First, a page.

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State v. Bray

Court of Criminal Appeals of Tennessee, Jackson

May 1, 2015


Assigned on Briefs March 3, 2015.

Appeal from the Circuit Court for Hardeman County Nos. CC-14-CR-2, CC-14-CR-18B J. Weber McCraw, Judge.

Shana Johnson, Somerville, Tennessee, for the appellant, Gregory Lee Bray.

Herbert H. Slatery III, Attorney General and Reporter; Jonathan H. Wardle, Assistant Attorney General; Michael Dunavant, District Attorney General; Joe VanDyke, Assistant District Attorney General, for the appellee, State of Tennessee.

Timothy L. Easter, J., delivered the opinion of the Court, in which Robert W. Wedemeyer and Robert H. Montgomery, Jr., JJ., joined.



Factual and Procedural Background

This is a direct appeal by Defendant of the sentence imposed by the trial court in the Circuit Court of Hardeman County. On January 6, 2014, Defendant was indicted in case number CC-14-CR-2 by the Hardeman County Grand Jury with one count of delivery of Clonazepam, a Schedule IV controlled substance. On the same day, Defendant was also indicted in case number CC-14-CR-18B by the Hardeman County Grand Jury with one count of delivering Alprazolam, a Schedule IV controlled substance.

In August of 2014, Defendant pled guilty to the offenses as charged in both cases, specifically reserving the right to appeal the sentence. After a sentencing hearing, the trial court sentenced Defendant as a Range III, Persistent Offender to ten years in incarceration for each offense. After noting that Defendant's criminal history spanned nearly thirty-five years, the trial court ordered the sentences to be served consecutively on the basis that Defendant was "an offender whose record of criminal activity is extensive" and is a "professional criminal who has knowingly devoted his life to criminal acts." Additionally, the trial court denied alternative sentencing.

Defendant filed separate notices of appeal in each case. The trial court consolidated the cases for the purposes of appeal.


On appeal, Defendant challenges the trial court's decision to order the sentences to run consecutive to each other as well as the denial of an alternative sentence. Specifically, Defendant complains that the trial court "based its decision to impose consecutive sentences and to deny probation or community corrections solely on [Defendant's] criminal record." The State counters that Defendant's "extensive criminal history" provided a "proper basis for the trial court to impose consecutive sentences and deny alternative sentencing."

Consecutive Sentences

When a defendant challenges the length, range, or manner of service of a sentence, this Court reviews the trial court's sentencing decision under an abuse of discretion standard with a presumption of reasonableness. State v. Caudle, 388 S.W.3d 273, 278-79 (Tenn. 2012); State v. Bise, 380 S.W.3d 682, 708 (Tenn. 2012). This presumption applies to "within-range sentencing decisions that reflect a proper application of the purposes and principles of the Sentencing Act." Bise, 380 S.W.3d at 707.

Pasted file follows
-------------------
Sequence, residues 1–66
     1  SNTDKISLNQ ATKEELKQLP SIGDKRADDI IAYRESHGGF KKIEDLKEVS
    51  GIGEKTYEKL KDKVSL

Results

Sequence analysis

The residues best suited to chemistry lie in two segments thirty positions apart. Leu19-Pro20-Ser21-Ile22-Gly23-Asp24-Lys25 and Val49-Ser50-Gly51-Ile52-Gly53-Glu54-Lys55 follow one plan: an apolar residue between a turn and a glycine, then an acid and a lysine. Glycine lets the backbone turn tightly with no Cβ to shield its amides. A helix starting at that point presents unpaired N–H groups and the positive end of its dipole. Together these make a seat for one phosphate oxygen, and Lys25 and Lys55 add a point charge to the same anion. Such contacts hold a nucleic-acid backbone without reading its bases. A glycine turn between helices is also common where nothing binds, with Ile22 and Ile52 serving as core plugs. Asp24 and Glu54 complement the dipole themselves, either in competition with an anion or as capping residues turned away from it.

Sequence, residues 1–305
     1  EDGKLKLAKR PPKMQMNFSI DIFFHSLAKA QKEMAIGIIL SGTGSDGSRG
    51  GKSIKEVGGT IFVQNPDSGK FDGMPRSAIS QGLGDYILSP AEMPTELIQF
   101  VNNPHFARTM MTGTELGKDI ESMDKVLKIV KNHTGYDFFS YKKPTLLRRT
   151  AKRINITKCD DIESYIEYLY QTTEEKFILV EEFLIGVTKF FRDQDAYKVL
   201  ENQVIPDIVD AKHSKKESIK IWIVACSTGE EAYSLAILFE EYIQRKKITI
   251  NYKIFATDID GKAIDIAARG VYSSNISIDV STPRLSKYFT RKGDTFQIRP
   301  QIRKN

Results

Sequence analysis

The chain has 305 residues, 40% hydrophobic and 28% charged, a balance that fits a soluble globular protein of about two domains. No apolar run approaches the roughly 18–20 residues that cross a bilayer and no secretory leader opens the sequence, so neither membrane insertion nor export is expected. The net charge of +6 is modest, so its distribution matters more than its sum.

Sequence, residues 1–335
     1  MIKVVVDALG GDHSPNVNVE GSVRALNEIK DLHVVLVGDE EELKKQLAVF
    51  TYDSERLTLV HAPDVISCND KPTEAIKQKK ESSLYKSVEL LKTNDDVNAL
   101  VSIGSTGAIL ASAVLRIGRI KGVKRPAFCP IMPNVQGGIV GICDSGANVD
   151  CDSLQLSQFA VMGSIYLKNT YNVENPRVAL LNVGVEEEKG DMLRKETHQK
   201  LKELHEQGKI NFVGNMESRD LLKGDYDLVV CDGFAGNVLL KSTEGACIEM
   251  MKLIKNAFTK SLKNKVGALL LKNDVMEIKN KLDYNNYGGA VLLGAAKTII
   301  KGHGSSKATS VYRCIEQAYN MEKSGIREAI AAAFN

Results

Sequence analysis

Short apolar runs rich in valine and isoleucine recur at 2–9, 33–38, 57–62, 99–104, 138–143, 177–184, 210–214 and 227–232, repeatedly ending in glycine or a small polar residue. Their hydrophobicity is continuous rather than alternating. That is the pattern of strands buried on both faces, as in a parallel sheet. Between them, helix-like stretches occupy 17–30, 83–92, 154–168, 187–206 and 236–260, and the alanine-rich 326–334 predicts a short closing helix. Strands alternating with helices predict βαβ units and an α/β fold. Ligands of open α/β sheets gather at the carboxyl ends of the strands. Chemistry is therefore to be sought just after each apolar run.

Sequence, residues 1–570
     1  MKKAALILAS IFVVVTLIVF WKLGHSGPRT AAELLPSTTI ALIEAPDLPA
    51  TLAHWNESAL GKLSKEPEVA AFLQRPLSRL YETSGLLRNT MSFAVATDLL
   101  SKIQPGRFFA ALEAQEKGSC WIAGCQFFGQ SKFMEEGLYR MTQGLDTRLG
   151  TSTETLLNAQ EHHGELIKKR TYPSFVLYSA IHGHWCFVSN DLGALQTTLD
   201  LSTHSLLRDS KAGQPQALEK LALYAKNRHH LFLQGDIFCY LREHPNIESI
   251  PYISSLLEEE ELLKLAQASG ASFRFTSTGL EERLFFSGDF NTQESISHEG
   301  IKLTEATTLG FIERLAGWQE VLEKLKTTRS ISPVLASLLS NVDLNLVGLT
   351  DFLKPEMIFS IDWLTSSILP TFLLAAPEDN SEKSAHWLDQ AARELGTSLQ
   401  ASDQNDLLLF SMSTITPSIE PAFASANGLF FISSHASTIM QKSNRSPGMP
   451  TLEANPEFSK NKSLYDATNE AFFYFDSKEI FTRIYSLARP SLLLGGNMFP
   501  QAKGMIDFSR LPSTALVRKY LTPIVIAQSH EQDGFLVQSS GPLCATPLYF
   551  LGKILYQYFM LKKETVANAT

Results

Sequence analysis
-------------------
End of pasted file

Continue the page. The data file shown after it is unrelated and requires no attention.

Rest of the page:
Tennessee Code Annotated section 40-35-115(b) provides that a trial court may order sentences to run consecutively if it finds any one of the following criteria by a preponderance of the evidence:

(1) The defendant is a professional criminal who has knowingly devoted the defendant's life to criminal acts as a major source of livelihood;
(2) The defendant is an offender whose record of criminal activity is extensive;
(3) The defendant is a dangerous mentally abnormal person so declared by a competent psychiatrist who concludes as a result of an investigation prior to sentencing that the defendant's criminal conduct has been characterized by a pattern of repetitive or compulsive behavior with heedless indifference to consequences;
(4) The defendant is a dangerous offender whose behavior indicates little or no regard for human life, and no hesitation about committing a crime in which the risk to human life is high;
(5) The defendant is convicted of two (2) or more statutory offenses involving sexual abuse of a minor with consideration of the aggravating circumstances arising from the relationship between the defendant and victim or victims, the time span of defendant's undetected sexual activity, the nature and scope of the sexual acts and the extent of the residual, physical and mental damage to the victim or victims;
(6) The defendant is sentenced for an offense committed while on probation; or
(7) The defendant is sentenced for criminal contempt.

Only one of these criteria needs to exist in order to support the imposition of consecutive sentencing. State v. Pollard, 432 S.W.3d 851, 859-62 (Tenn. 2013).